Russian pianist brings classical compositions to McKinney Theatre

Steven Jung

The Department of Music presented a nice free treat in the McKinney Theatre, Thursday, Oct. 11, for students that enjoy songs composed by pianists.

Russian pianist Vladimir Khomyakov who is up for a doctoral candidacy at the University of Southern California performed several songs by other great composers.

A few of the songs he played were Wolfgang Amadeus “Mozart’s Sonata in B flat Major”, K281; M. Ravel’s “Pavane pour une infante défunte,” as well as both Scarlatti’s “Sonata in F Minor, L118” and “Sonata in E Major, L23.”

Khomyakov played the piano quite well, and almost all of the audience sat on the left side of the room where it seemed they could hear the music even better, although the music seemed loud enough to be heard on both sides of the room.

It seems Khomyakov likes multiple types of composers because some of the symphonies he played had what sounded like a fast beat to them, while others seemed to be much slower.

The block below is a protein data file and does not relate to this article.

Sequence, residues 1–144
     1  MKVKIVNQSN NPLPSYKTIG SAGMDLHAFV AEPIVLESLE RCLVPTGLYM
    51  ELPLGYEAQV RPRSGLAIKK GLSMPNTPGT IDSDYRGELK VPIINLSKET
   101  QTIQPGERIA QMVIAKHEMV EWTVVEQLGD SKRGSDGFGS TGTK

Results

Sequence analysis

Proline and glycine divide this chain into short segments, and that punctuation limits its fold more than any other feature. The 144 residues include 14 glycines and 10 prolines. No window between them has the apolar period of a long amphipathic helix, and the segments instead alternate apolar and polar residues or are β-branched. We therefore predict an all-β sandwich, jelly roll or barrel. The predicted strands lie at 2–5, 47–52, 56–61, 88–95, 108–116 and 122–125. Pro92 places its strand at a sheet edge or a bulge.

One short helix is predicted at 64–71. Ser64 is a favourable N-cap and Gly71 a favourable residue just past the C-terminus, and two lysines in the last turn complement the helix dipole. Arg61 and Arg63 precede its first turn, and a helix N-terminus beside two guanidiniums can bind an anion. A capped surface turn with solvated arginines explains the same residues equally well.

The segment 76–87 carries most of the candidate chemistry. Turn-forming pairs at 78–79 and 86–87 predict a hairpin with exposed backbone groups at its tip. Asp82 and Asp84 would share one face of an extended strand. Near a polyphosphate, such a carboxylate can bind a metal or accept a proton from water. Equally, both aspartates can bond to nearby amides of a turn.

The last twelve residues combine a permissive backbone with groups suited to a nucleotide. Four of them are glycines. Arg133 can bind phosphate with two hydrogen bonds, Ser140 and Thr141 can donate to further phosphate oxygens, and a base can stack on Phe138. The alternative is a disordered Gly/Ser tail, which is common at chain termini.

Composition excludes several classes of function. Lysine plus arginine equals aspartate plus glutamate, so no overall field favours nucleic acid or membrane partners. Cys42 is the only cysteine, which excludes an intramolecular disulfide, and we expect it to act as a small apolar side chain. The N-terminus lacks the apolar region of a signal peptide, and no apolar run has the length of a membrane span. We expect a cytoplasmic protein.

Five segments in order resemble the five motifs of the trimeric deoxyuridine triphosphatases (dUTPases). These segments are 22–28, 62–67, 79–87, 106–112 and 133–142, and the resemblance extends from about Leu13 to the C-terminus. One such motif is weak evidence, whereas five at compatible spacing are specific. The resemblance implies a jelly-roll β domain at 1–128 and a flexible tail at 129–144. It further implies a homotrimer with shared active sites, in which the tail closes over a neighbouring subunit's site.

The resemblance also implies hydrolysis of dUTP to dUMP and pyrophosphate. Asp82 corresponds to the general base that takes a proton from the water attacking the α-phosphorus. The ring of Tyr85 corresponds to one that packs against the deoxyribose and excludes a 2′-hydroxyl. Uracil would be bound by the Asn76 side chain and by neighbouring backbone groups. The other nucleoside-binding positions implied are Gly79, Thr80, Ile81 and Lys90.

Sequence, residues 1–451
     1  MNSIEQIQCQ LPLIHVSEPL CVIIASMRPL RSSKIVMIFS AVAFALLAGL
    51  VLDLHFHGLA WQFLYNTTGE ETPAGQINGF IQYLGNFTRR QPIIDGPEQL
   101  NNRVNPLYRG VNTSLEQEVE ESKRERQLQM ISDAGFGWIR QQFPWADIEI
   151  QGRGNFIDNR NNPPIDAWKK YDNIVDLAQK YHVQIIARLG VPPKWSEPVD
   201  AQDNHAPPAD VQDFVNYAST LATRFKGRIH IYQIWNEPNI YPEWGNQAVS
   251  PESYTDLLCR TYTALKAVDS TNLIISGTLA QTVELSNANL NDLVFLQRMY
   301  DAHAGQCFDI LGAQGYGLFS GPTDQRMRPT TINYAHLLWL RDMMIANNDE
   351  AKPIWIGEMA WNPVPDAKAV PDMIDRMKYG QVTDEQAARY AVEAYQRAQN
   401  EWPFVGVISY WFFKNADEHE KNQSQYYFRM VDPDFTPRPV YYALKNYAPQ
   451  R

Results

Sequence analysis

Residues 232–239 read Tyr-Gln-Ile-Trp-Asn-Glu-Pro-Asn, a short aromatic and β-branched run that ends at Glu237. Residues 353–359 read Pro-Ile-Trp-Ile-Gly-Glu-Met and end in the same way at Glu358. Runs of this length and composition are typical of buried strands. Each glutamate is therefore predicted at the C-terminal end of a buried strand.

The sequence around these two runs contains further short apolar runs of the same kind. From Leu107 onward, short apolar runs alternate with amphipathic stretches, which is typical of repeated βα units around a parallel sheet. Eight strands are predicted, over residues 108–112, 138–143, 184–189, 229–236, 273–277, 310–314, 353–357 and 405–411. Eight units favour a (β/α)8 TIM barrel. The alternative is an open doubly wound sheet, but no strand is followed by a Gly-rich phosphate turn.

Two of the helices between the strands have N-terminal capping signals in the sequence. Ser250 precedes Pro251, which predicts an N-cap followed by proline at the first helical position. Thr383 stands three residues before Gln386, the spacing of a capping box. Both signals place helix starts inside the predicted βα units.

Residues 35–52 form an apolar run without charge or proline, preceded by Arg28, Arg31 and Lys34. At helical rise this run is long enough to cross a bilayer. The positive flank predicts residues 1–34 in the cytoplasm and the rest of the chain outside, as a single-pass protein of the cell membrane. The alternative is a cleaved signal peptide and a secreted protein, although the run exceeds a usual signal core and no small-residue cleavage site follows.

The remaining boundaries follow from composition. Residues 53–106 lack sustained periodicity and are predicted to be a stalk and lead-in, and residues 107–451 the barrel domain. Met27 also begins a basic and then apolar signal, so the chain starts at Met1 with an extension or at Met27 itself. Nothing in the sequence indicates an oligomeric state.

There were even some points in a few songs where the music had a soft feel to it, almost as if he was barely touching the keys on the piano.

When Khomyakov would finish a song, he would take a bow every time. It was during this time that the audience would applaud him for his wonderful performance.

After his breaks were finished and he returned back to the stage, the audience would welcome him back with even more applause.

While he took his breathers, whispers could be heard among the audience members speaking about what they liked about his performance.

It was not until towards the end of the recital that the audience made an expression as to how much they enjoyed his performance by clapping louder than ever, while some students chanted “woohoo” as Khomyakov took his final bow.

At that moment, it was clear that almost the entire audience enjoyed the recital, by appraising such great talent. It was seen by anyone in the audience that Khomyakov could not only play the piano well, but also elegantly, as showed by his hand movements throughout the performance.

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